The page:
As of December 8, 2023, the Monarch Butterfly has a new status in Canada: Endangered.
The previous listing by the federal government was Special Concern (the lowest ranking of concern) and the government has been reviewing the status for a while. They have made this uplisting as an order amending Schedule 1 of the Species at Risk Act (SARA). This provides legal protection for the butterfly on federal lands. This order also lists the Western Bumblebee occidentalis as threatened and the Western Bumblebee mckayi as Special Concern.
What Does This Mean for These Species?
For the Monarch Butterfly and the Western Bumblebee occidentalis, legal restrictions come into play such as:
- It is prohibited to kill, harm, harass, capture or take an individual.
- It is prohibited to be involved in possessing, collecting, buying, selling or trading individuals or any part or derivative of such.
- It is unlawful to damage or destroy the species’ residences
What is the Government’s Responsibility?
For the Monarch Butterfly and the Western Bumblebee occidentalis, the Government of Canada must prepare a recovery strategy and action plan. These documents will describe conservation, recovery actions and may define their critical habitat. They will also document what can be done to conserve the species. This must be published within one year.
For the Western Bumblebee mckayi subspecies, a management plan is required to be developed and published within three years.
The decision to uplist the Monarch Butterfly was made after winter counts in Mexico showed a decline of 50 per cent from 2006 to 2016. Causes for the declines within Canada are assumed to be a decline of its host plant milkweed and nectar supplies within the breeding range. Their host plant, milkweed, is also greatly affected by some types of herbicides, and pesticide use is listed as a threat to the species.
The cause of decline of the two bumble bee species are considered to be pesticide use, habitat change and loss, and disease.
So, in the meantime, while the government prepares its recovery strategies, action plans and management plan, what can you do to help the Monarch Butterfly and Western Bumblebee? Here is a list of actions for you to consider:
- Avoid using herbicide in your yards.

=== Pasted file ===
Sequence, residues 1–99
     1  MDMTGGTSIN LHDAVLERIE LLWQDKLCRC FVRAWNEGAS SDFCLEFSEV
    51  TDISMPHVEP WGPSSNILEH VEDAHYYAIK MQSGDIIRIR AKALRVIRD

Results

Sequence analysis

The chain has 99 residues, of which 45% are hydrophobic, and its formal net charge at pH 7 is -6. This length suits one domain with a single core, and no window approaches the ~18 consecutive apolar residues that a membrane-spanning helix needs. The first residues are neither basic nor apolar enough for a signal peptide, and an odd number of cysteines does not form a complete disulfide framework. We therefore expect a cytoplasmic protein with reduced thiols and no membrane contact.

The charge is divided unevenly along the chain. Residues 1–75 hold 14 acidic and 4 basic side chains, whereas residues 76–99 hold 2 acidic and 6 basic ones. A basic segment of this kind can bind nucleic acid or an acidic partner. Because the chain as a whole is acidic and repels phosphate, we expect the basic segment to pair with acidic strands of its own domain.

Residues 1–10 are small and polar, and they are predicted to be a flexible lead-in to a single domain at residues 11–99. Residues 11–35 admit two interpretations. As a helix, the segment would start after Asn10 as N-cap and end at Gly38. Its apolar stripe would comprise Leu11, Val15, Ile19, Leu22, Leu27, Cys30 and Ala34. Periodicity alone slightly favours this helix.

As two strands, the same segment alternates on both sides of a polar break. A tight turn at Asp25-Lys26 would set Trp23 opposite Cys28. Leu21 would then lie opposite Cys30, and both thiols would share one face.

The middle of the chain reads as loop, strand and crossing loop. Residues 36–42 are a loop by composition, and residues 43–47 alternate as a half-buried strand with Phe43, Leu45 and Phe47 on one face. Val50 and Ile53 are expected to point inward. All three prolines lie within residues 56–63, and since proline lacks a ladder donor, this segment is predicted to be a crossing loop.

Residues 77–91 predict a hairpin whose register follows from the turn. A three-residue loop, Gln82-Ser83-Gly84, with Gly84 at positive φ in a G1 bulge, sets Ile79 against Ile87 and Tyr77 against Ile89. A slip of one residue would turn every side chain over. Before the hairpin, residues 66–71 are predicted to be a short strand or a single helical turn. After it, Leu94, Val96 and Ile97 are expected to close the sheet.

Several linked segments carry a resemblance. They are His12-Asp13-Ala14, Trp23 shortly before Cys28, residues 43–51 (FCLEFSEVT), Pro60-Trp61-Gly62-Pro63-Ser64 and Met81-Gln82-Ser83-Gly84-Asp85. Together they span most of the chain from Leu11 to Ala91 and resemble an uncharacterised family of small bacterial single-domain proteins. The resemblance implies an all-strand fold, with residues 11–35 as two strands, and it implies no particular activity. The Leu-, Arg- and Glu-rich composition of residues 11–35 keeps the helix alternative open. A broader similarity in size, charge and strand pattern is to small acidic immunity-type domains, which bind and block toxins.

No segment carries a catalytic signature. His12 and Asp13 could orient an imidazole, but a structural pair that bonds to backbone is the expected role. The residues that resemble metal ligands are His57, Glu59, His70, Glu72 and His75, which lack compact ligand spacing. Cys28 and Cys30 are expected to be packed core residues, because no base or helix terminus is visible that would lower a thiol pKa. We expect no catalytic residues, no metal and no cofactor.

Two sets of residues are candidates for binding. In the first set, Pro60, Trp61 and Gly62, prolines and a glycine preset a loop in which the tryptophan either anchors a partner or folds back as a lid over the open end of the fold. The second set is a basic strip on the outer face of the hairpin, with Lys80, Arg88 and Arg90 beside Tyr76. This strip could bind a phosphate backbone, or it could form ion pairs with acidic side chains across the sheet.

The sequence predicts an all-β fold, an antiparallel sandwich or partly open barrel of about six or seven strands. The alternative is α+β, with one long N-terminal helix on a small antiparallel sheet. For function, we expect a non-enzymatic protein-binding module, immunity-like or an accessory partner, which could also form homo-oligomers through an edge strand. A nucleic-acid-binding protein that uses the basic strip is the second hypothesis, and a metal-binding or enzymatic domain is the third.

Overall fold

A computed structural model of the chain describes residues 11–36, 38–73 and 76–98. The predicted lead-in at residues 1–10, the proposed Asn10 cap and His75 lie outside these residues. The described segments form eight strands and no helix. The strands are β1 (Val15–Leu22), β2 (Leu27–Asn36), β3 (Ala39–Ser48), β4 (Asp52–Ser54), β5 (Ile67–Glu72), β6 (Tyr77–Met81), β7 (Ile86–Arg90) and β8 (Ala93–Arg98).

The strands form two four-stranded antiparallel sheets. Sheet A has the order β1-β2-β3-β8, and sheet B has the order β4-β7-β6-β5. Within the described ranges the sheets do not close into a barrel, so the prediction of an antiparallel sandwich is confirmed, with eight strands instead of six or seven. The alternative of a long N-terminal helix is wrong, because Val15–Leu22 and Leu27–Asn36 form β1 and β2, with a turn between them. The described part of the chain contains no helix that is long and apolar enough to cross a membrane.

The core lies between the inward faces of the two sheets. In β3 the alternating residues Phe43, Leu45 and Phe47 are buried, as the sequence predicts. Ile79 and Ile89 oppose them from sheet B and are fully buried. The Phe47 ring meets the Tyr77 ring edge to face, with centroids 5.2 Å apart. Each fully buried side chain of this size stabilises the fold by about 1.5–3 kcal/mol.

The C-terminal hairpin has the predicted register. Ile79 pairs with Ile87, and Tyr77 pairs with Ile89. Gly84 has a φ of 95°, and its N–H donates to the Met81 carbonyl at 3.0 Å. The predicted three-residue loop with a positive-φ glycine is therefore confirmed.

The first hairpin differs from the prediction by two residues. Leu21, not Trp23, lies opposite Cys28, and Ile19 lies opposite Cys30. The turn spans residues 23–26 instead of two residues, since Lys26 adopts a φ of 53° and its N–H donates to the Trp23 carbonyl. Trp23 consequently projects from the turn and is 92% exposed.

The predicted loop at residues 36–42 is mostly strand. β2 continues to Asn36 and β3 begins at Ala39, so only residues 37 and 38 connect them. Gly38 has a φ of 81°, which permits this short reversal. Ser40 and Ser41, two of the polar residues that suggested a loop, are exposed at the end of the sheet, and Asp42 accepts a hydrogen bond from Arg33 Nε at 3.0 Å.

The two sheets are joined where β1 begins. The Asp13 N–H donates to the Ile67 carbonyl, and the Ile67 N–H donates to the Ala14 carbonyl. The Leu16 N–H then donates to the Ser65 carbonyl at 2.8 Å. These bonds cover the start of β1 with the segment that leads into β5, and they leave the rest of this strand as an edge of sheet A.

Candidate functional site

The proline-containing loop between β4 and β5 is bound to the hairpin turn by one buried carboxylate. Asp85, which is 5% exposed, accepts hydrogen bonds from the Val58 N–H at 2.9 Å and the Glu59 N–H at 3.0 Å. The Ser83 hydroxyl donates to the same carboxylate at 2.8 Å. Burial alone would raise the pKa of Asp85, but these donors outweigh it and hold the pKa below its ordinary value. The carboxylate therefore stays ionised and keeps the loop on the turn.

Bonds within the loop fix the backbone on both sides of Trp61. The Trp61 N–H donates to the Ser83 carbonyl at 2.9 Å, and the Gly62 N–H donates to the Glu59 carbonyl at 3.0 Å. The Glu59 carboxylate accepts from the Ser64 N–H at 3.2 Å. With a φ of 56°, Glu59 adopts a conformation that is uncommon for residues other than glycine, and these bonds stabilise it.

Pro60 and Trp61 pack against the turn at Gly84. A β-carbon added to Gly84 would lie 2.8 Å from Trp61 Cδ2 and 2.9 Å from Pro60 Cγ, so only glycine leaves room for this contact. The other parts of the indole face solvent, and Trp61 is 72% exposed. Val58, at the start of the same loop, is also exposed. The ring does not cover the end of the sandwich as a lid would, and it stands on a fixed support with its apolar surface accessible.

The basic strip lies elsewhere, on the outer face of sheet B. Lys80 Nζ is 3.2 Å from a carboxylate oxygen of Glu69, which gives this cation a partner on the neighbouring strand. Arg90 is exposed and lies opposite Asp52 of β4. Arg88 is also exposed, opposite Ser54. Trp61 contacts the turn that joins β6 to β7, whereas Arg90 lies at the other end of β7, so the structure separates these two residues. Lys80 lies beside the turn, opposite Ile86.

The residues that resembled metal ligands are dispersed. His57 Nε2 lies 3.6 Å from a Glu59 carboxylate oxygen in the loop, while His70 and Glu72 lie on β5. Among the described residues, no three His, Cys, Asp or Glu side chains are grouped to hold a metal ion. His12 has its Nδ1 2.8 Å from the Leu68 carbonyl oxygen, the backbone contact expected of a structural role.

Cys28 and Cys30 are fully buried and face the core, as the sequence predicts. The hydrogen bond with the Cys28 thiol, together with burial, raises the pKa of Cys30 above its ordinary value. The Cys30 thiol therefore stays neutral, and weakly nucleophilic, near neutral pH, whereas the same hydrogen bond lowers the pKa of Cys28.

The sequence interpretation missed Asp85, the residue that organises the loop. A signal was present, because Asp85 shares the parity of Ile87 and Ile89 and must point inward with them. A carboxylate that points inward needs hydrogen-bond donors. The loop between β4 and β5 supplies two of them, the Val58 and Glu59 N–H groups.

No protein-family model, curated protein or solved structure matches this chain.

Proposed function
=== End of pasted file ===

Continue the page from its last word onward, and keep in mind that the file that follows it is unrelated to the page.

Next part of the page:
- Plant native flowers rich in pollen and nectar, especially milkweed. Find out more by reading Perfect Plants for Pollinators and Using Neonic-free Plants in Your Garden This Year.
- Resist the temptation to captive rear Monarch Butterfly caterpillars. Find out why >
- Support community pollinator habitat projects in your neighbourhood.
- Ask your Municipal or regional councilors how they are supporting pollinators. Find out more about our ROW project for managers.
- Download the iNaturalist app and become one of the many citizen scientists in Canada to submit photos of Monarch Butterflies and bReumblebees.
Find out more about wildlife-friendly gardening and how you can join thousands of other Canadians and get official Wildlife-friendly Habitat status.
What is the Canadian Wildlife Federation doing to support the recovery of Monarch Butterfly and Western Bumblebee?
We have been working on several programs and partnerships such as:
- Developing a Rights of Ways network, to encourage, train and share resources on restoring meadow habitat along roadsides, transmission lines, and solar facilities.
- Restoring meadows with partners in Ontario (1,760 hectares over the last four years)
- Conducting science on Monarch Butterfly habitat suitability
- Monitoring migrating Monarch Butterflies to better understand their migratory pathways
- Monitoring bumblebees in southern Saskatchewan
- Communicating the importance of conserving pollinators to the public, energy transmission companies, and municipalities,
- Building a strategy for native seeds in Canada to benefit habitat restoration.
We will be ramping up our actions for Monarch conservation over the next year. Learn more about our work with Monarch Butterflies and other Pollinators in Canada.
We appreciate the financial support from CWF donors, Environment and Climate Change Canada, the Ontario trillium Foundation, 407 ETR, Evolugen, and the collaboration of all our ROW partners.